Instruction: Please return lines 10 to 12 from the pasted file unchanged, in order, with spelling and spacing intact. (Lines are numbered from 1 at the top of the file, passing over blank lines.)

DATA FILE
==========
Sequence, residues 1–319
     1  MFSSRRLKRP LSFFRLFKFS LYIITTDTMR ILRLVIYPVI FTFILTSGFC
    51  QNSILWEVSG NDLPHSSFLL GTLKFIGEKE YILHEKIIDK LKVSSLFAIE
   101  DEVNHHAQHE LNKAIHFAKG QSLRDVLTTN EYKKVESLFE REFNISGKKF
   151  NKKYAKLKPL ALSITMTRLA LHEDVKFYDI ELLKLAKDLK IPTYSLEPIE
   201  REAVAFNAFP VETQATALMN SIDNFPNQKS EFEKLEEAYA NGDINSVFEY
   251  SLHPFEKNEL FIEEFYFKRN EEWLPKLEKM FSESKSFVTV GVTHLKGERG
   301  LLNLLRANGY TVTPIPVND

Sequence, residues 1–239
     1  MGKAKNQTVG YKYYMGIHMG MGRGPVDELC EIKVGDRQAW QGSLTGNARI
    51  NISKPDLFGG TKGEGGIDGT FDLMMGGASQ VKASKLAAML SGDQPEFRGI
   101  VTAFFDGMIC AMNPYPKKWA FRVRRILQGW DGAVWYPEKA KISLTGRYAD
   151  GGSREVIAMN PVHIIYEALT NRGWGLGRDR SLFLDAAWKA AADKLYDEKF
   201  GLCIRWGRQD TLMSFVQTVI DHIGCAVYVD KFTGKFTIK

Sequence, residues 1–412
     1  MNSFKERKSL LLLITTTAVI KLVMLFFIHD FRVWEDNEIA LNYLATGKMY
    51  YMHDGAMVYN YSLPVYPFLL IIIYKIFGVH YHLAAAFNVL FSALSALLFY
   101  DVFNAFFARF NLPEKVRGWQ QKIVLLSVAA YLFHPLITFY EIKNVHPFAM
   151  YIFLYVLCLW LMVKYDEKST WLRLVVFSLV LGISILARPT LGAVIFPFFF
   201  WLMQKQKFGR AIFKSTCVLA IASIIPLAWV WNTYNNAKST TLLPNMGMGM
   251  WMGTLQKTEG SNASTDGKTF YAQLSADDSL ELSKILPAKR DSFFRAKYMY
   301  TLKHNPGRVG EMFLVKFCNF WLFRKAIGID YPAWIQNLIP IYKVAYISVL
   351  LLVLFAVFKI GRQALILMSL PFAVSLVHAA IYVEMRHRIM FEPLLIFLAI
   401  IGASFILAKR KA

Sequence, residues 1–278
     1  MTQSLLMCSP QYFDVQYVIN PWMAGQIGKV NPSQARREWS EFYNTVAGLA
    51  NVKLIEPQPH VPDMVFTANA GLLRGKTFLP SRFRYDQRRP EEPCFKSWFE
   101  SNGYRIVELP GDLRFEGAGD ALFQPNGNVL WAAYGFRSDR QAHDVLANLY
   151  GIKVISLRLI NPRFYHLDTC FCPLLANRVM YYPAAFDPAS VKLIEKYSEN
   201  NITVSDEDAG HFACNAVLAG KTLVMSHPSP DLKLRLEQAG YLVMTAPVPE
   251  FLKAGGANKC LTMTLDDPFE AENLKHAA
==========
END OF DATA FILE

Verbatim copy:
     1  MGKAKNQTVG YKYYMGIHMG MGRGPVDELC EIKVGDRQAW QGSLTGNARI
    51  NISKPDLFGG TKGEGGIDGT FDLMMGGASQ VKASKLAAML SGDQPEFRGI
   101  VTAFFDGMIC AMNPYPKKWA FRVRRILQGW DGAVWYPEKA KISLTGRYAD